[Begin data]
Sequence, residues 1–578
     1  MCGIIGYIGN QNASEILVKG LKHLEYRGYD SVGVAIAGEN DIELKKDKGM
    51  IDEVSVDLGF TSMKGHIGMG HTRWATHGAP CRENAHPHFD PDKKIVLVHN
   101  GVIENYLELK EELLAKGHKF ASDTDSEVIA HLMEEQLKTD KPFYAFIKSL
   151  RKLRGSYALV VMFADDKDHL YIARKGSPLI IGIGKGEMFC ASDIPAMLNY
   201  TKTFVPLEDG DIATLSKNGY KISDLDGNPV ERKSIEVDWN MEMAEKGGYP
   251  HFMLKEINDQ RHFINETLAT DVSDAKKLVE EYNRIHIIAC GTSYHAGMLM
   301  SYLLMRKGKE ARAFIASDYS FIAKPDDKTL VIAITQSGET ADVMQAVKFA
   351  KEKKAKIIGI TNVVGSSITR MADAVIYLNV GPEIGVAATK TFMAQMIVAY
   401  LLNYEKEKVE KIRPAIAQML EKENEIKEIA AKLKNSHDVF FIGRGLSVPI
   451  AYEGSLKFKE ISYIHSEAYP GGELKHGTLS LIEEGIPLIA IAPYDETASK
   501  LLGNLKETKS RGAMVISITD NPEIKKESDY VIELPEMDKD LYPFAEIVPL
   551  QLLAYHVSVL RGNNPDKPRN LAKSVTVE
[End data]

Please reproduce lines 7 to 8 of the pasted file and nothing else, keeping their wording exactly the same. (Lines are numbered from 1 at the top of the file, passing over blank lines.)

   251  HFMLKEINDQ RHFINETLAT DVSDAKKLVE EYNRIHIIAC GTSYHAGMLM
   301  SYLLMRKGKE ARAFIASDYS FIAKPDDKTL VIAITQSGET ADVMQAVKFA